Solar is Now Viable, Affordable

Bill Johnson Brilliant HarvestBill Johnson explained that only a couple of companies were doing solar paneled shade screens, and Apollo Sunguard was ahead of their time when they floated the idea.

This sustainable resource, namely the sun, in many ways results in a new Florida “agricultural” industry.

“We are sun farmers,” Bill Johnson explained.

He is the president and CEO of Brilliant Harvest, a solar company based out of Sarasota that provides a full line of solar products for commercial and residential applications.

The company harvests the power of the sun for customers in southwest Florida. “We didn’t want to call it ‘Bill’s Solar Company,’” Johnson quipped. “We wanted to make people stop and think about it. We’re ‘harvesting’ the sun’s energy.”

The sustainability of this business model is that these modern day “sun farmers” offer customers deferred savings.

“Solar is in many ways like investing in an annuity,” Johnson explained. “You spend money and offset your future consumption of electricity from the grid.”

Solar energy has become much more affordable in the past five years. The pricing of the equipment and the materials has come down both for the consumer and the corporate application.

The panels are much more efficient in terms of energy harvest. This bodes well for long-term cost savings for commercial businesses and residential. Previously the best panels were about 200 watts. Today they put out about 300 watts.

In 2012 the company was paying $2 per watt, and by the end of the year, they were paying $1 per watt.

“The economics just make sense,” Bill explained. “The return on investment for an average homeowner will return 10 to 15 percent per year over 25 years. That blows away just about any other investment you can make.”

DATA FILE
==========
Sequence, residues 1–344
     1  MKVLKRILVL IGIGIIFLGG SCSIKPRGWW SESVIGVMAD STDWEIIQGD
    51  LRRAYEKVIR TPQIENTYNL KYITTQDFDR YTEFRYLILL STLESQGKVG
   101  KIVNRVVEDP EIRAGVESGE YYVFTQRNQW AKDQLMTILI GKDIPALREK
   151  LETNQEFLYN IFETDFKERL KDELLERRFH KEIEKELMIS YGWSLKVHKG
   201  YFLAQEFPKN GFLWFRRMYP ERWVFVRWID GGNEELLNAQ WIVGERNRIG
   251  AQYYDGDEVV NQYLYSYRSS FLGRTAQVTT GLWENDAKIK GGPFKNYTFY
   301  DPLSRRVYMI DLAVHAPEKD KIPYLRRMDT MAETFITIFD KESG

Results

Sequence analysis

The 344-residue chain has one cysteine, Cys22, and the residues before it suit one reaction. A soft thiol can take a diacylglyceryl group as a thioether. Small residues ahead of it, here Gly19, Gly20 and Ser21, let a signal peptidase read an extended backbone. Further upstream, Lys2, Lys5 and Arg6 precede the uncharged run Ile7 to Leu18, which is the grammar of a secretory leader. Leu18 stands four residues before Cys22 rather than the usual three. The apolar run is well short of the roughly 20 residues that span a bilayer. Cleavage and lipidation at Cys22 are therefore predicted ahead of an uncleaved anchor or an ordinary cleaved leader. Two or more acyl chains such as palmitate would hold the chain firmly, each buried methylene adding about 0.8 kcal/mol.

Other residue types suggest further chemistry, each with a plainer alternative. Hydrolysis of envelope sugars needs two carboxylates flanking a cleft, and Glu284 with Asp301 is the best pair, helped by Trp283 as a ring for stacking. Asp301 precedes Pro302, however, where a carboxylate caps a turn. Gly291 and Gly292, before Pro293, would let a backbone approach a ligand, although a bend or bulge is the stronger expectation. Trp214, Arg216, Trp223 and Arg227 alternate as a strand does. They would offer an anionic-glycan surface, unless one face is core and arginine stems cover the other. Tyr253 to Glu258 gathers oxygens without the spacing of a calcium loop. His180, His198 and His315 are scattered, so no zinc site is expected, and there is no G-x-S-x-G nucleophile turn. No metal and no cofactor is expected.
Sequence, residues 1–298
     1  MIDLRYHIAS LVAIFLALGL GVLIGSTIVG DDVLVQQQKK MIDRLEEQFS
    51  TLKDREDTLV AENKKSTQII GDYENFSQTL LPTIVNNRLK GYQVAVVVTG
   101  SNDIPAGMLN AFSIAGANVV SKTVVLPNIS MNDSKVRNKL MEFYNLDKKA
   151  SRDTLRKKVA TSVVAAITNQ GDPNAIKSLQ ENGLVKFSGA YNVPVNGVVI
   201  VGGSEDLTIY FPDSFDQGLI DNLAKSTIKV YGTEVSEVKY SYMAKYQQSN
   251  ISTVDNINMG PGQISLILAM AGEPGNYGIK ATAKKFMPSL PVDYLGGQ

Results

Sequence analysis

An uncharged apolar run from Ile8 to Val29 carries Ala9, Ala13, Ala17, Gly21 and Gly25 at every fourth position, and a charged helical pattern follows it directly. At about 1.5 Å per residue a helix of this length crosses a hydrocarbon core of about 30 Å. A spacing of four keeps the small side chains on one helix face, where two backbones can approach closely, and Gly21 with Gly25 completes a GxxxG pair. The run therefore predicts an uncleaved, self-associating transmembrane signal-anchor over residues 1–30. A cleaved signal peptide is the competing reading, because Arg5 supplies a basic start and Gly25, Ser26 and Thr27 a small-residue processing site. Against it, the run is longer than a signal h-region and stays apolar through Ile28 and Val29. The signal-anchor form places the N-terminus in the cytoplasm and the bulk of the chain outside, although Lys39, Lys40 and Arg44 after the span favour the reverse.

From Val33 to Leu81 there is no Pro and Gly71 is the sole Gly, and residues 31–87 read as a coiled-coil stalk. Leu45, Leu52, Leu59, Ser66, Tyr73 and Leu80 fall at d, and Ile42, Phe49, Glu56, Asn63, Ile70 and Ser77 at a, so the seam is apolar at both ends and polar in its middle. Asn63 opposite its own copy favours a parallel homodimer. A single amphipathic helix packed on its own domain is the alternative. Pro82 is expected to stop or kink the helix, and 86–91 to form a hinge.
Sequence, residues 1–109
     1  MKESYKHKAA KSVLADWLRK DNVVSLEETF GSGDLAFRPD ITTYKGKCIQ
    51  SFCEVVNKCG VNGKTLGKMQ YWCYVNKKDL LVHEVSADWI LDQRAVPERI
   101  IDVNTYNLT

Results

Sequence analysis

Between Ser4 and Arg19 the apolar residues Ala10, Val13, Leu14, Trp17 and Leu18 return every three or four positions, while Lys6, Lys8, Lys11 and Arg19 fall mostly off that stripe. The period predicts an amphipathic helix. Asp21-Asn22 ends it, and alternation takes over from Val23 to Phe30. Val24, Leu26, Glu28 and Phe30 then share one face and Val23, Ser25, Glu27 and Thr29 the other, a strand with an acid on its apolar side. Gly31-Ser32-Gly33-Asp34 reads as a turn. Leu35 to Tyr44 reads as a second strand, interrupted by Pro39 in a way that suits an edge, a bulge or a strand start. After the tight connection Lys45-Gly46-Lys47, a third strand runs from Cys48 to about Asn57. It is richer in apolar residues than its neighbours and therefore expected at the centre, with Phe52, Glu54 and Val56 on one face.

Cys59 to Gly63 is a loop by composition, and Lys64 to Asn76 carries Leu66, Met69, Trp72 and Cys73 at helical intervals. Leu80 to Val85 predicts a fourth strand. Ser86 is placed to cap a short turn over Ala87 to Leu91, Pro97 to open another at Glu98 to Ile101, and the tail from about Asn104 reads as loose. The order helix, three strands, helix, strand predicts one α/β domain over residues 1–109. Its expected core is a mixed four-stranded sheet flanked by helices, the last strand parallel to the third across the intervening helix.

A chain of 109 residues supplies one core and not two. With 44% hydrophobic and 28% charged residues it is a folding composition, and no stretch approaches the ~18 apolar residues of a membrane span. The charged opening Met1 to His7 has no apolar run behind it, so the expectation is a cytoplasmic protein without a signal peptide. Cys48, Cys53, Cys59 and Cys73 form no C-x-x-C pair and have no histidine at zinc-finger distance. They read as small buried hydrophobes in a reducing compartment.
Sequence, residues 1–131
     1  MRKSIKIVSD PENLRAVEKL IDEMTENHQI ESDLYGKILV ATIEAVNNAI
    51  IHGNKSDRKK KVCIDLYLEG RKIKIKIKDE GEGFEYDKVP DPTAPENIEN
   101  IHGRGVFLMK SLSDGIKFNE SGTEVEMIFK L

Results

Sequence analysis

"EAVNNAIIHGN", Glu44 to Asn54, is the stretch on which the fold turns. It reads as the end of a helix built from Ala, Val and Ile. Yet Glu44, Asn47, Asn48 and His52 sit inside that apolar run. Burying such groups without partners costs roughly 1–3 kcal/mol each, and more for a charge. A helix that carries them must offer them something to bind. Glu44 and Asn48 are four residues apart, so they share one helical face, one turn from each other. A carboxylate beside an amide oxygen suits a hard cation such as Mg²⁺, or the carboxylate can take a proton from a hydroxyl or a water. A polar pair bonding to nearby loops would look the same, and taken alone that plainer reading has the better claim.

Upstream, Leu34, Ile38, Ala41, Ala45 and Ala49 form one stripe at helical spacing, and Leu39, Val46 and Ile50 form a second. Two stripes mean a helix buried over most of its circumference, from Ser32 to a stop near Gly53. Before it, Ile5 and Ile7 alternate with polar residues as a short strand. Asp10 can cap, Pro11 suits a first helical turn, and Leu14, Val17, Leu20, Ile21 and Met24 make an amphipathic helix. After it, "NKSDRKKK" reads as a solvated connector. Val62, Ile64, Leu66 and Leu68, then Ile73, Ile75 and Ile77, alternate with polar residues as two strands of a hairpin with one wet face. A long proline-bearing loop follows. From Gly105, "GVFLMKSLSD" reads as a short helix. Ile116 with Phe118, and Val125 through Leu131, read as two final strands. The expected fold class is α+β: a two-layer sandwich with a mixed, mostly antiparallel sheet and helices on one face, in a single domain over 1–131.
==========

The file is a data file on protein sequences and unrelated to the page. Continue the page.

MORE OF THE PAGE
Wind and other green energy sources aren’t ready to be harvested for residential and commercial applications like solar.

“If you own your own building where you bought your business, you can take accelerated depreciation on the system and there is a fairly strong economic motivation to move toward solar. If you look at total energy consumption in the state of Florida, 93 percent of the energy used in the state of Florida (cars, powering homes, etc.) comes from out of state, even out of the country.”

There are always going to be fuels for different types of applications. This is real energy independence for consumers and business owners.

“Right now we can’t power an airplane with solar.” Solar isn’t for the person that is interested in crusading for a single source energy source. “The opportunities for third world countries…places where they depend on intermittent generation of power…even in those places solar power is less expensive than traditional forms of energy generation.”

For example, solar panels can be dropped in a middle of a field, connected together, and utilized to refrigerate vaccines. There are even portable solar paneled lighting units that have replaced kerosene lamps. There’s a tremendous cost savings to that. “They were paying about $80 per kilowatt hour for kerosene lamps.” They don’t have to do that now.

People can now study in the evenings due to the lights that are generated with LED lights with rechargeable lithium-ion batteries.

Solar in Florida has the potential to be a giant job creator in the state. Solar jobs are construction jobs. They aren’t the kind of jobs you can outsource to China. You have to be here.

Brilliant Harvest has two graduates from the state college of Florida “Energy Technology Management” program that covers sustainability, energy management, high tech jobs. “We hire locally and have a unique on the job training program,” Johnson said.

He has a staff of six full-time employees, and a whole bunch of folks that do other types of work, electrical work for example. He’s a trade worker 3.0.

“Solar requires knowledge of several different fields when it comes to mounting, roofing, electrical, plumbing, basic building trades, but then we also have to know about celestial positioning and optical properties of the solar panels themselves,”Johnson said.

“There’s the whole meteorological aspect to it as well.”

Think about how this will improve the economy. It puts people, individuals and corporations, back in control of their energy consumption and saves money, but timing is everything. Are we ready to make this kind of investment in cost-saving innovation with deferred returns? Bill thinks so.